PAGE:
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The Aviator (2004)

PG-13 | | Biography, Drama | 25 December 2004 (USA)
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1:55 | Trailer
A biopic depicting the early years of legendary Director and aviator Howard Hughes' career from the late 1920s to the mid 1940s.

Director:

Martin Scorsese

Writer:

John Logan
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Popularity
1,733 ( 49)
Won 5 Oscars. Another 81 wins & 130 nominations. See more awards »

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Cast

Cast overview, first billed only:
Leonardo DiCaprio ... Howard Hughes
Cate Blanchett ... Katharine Hepburn
Kate Beckinsale ... Ava Gardner
John C. Reilly ... Noah Dietrich
Alec Baldwin ... Juan Trippe
Alan Alda ... Senator Ralph Owen Brewster
Ian Holm ... Professor Fitz
Danny Huston ... Jack Frye
Gwen Stefani ... Jean Harlow
Jude Law ... Errol Flynn
Adam Scott ... Johnny Meyer
Matt Ross ... Glenn Odekirk
Kelli Garner ... Faith Domergue
Frances Conroy ... Mrs. Hepburn
Brent Spiner ... Robert Gross
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Storyline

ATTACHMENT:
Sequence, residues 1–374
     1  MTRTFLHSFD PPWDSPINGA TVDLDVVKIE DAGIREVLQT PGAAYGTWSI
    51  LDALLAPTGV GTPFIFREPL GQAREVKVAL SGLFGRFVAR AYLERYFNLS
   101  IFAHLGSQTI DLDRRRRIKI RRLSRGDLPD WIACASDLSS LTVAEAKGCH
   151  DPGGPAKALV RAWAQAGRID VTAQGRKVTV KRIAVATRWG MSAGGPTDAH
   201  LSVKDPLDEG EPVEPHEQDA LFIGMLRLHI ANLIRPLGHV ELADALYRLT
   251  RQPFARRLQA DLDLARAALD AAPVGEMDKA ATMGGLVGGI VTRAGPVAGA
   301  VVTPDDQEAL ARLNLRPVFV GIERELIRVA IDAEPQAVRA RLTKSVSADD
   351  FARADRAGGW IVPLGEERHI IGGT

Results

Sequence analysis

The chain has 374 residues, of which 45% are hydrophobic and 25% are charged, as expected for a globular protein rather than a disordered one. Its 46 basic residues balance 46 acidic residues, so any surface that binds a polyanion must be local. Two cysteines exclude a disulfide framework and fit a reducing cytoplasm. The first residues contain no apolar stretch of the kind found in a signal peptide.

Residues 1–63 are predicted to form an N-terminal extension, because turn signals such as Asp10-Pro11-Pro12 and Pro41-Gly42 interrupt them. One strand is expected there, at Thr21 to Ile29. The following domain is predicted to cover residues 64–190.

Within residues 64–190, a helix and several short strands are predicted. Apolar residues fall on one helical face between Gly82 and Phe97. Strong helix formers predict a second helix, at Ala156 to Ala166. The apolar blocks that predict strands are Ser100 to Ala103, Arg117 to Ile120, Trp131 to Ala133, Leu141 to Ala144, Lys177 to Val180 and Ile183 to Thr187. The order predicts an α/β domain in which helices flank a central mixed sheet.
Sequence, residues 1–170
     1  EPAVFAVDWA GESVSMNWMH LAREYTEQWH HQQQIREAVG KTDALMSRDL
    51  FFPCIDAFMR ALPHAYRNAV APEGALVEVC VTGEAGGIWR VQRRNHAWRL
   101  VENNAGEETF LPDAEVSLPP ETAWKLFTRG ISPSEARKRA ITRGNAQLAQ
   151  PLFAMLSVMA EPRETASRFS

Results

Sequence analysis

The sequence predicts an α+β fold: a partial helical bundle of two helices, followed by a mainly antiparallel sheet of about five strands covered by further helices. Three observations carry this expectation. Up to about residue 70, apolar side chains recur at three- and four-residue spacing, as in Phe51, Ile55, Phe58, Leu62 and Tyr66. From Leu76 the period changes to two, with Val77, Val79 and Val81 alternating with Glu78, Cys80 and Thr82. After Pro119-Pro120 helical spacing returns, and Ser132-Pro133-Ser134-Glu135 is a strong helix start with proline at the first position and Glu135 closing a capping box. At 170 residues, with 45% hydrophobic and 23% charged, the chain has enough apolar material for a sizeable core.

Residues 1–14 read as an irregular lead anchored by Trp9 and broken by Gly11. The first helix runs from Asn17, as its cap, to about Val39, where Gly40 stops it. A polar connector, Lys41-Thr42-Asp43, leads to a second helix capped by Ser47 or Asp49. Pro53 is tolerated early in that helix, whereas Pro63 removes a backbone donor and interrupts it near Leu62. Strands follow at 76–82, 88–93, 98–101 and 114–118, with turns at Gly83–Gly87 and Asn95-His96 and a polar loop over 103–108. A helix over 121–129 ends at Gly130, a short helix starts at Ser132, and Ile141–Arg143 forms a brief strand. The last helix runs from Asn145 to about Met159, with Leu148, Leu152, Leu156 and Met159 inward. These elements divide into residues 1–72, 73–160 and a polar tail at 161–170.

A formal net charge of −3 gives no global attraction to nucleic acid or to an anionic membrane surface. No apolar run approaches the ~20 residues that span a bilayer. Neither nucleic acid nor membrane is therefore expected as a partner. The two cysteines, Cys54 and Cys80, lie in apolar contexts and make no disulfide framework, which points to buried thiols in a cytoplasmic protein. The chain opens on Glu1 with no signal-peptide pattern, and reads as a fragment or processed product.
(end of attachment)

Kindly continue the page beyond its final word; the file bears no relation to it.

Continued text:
Biopic of billionaire Howard Hughes, starting with his early filmmaking years as owner of R.K.O. Pictures, but mostly focusing on his role in designing and promoting new aircraft. Hughes was a risk-taker spending several fortunes on designing experimental aircraft and eventually founding TWA as a rival to Pan Am airlines owned by his great rival Juan Trippe. When Trippe's politico Senator Ralph Owen Brewster accuses Hughes of being a war profiteer, it's Hughes who gains the upper hand. Hughes also had many women in his life including a long relationship with Katharine Hepburn. From an early age, however, Hughes was also germophobic and would have severe bouts of mental illness. Written by garykmcd

Plot Summary | Plot Synopsis

Taglines:

Cate Blanchett as Katherine Hepburn the star who stole his heart. See more »

Genres:

Biography | Drama

Motion Picture Rating (MPAA)